BISHKEK, 17 June 2016 – To mark the International Day in Support of Victims of Torture, the OSCE Centre in Bishkek in co-operation with the Centre for the Support of International Protection today concluded training courses in Osh and Bishkek on the human rights of persons subjected to involuntary medical treatment in psychiatric institutions.
The two-day courses, delivered by an expert on mental health law from Russia Dmitri Bartenev, for practicing defence lawyers, prosecutors, psychiatrists, judges working on such cases and representatives of the civil society and the Ombudsman’s office from southern Kyrgyzstan and Bishkek, focused on fair trial standards in cases involving persons with mental disabilities, and ways to improve the efficiency of such proceedings.
“The right to freedom from torture does not admit derogations under any circumstance. It is the duty of the State to ensure that any individual, who is deprived of liberty and in custody of national institutions, remains effectively protected against any such human rights violation,” said Daniele Rumolo, Senior Human Dimension Officer at the OSCE Centre in Bishkek. “The OSCE Centre remains committed in assisting the Kyrgyz government in improving the human rights situation in closed institutions, including in psychiatric facilities.”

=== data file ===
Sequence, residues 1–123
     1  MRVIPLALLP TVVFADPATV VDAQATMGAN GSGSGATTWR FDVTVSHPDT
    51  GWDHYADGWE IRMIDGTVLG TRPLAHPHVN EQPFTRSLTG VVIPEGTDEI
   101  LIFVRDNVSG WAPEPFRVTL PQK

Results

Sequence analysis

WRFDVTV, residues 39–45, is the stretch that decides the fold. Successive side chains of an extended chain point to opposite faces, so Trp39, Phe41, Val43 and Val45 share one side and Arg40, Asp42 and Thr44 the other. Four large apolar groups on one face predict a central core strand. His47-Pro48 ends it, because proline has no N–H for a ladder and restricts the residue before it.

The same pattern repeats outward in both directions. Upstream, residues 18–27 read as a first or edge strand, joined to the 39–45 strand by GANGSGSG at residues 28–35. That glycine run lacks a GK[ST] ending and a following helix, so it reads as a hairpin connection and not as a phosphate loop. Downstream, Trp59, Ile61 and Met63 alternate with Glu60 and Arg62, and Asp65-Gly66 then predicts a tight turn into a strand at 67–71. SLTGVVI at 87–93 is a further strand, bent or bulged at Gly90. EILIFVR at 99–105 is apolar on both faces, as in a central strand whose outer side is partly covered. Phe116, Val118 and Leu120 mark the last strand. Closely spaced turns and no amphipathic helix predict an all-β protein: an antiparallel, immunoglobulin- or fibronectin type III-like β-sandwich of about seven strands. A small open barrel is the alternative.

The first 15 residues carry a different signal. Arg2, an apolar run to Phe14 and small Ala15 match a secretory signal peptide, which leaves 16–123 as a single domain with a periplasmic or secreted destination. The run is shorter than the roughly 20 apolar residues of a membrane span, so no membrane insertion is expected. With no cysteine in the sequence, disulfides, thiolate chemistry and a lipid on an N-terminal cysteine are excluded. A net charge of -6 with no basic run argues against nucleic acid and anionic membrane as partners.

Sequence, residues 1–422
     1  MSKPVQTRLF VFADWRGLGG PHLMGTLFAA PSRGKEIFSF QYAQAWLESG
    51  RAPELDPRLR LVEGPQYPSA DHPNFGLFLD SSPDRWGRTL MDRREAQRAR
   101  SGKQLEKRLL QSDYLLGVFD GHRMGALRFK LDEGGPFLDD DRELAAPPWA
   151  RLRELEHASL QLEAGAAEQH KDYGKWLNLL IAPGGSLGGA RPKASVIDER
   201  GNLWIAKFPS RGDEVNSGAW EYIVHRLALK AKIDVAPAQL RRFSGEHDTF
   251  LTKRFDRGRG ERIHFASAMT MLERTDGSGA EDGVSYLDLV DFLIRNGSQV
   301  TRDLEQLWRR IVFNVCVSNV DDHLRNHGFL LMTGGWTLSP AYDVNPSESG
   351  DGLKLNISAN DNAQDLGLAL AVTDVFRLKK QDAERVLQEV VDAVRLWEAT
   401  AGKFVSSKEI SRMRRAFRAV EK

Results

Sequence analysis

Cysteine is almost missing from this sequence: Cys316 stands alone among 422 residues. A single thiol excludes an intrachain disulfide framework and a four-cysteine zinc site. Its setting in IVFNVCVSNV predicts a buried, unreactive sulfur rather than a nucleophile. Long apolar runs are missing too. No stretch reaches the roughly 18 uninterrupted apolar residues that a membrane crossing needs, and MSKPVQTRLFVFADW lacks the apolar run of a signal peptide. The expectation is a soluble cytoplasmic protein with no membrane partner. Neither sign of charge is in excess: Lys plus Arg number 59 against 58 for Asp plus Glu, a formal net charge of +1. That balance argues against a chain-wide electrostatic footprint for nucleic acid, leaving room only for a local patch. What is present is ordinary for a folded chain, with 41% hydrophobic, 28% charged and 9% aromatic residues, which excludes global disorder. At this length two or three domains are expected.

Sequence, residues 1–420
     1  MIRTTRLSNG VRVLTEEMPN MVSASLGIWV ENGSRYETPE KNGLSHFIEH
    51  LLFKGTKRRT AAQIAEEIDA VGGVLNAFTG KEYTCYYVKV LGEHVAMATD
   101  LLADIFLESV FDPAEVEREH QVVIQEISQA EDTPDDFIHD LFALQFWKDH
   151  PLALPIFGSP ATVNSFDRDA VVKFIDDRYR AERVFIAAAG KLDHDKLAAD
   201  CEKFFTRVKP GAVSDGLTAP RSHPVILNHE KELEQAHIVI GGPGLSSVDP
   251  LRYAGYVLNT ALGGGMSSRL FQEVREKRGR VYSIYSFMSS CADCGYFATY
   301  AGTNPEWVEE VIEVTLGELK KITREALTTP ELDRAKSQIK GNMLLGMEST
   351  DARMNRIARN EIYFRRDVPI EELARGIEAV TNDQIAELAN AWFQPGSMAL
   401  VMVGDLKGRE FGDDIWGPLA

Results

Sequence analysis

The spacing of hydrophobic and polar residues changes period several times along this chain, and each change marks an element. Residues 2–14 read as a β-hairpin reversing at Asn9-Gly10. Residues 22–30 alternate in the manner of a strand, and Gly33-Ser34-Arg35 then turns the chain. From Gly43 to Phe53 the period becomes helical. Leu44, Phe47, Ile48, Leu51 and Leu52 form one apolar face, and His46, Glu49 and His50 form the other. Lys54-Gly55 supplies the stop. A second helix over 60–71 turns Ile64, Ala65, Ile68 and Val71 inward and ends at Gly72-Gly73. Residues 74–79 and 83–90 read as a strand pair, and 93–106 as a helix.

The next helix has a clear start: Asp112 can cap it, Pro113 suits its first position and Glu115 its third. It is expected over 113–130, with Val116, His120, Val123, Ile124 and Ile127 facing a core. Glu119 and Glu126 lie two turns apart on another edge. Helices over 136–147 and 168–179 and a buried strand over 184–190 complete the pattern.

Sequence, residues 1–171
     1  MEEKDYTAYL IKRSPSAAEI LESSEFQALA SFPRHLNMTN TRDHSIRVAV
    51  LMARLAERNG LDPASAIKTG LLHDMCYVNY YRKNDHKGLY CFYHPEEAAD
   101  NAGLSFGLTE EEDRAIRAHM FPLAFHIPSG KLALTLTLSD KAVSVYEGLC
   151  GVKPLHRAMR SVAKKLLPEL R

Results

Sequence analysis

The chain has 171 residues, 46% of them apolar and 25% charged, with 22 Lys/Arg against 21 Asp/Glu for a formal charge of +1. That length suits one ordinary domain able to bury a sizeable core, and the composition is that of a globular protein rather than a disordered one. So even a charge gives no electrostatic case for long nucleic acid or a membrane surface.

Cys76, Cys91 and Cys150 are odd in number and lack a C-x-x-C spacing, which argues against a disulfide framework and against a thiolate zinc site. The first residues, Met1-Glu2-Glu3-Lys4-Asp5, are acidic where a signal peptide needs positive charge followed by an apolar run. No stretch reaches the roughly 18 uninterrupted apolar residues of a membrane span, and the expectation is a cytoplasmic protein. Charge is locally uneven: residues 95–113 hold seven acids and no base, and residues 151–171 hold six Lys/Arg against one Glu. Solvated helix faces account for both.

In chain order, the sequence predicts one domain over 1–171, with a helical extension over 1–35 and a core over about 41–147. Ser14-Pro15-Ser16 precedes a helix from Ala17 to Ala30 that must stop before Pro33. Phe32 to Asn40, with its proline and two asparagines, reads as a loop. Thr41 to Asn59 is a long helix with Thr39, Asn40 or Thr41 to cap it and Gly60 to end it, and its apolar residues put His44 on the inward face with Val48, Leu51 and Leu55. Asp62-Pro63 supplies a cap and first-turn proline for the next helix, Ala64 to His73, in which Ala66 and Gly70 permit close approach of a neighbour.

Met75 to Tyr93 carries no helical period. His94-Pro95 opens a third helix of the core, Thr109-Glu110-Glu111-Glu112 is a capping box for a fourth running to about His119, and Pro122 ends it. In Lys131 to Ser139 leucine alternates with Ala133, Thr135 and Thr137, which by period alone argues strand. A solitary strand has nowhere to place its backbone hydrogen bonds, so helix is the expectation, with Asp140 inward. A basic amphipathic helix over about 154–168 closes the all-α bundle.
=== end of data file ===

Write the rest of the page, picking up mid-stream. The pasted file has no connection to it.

Akylbek Tashbulatov, director of the Centre for the Support of International Protection, said: “Rights of persons with mental disabilities are an important and overlooked subject in Kyrgyzstan. As in other countries in this region, Kyrgyzstan is still developing its practice in the field of compulsory medical treatment and discussions are needed to improve the protection of the rights of the concerned.”
The training courses were part of the OSCE Centre’s project on promoting a comprehensive approach to the rule of law, administration of justice, prevention of torture, and capacity building.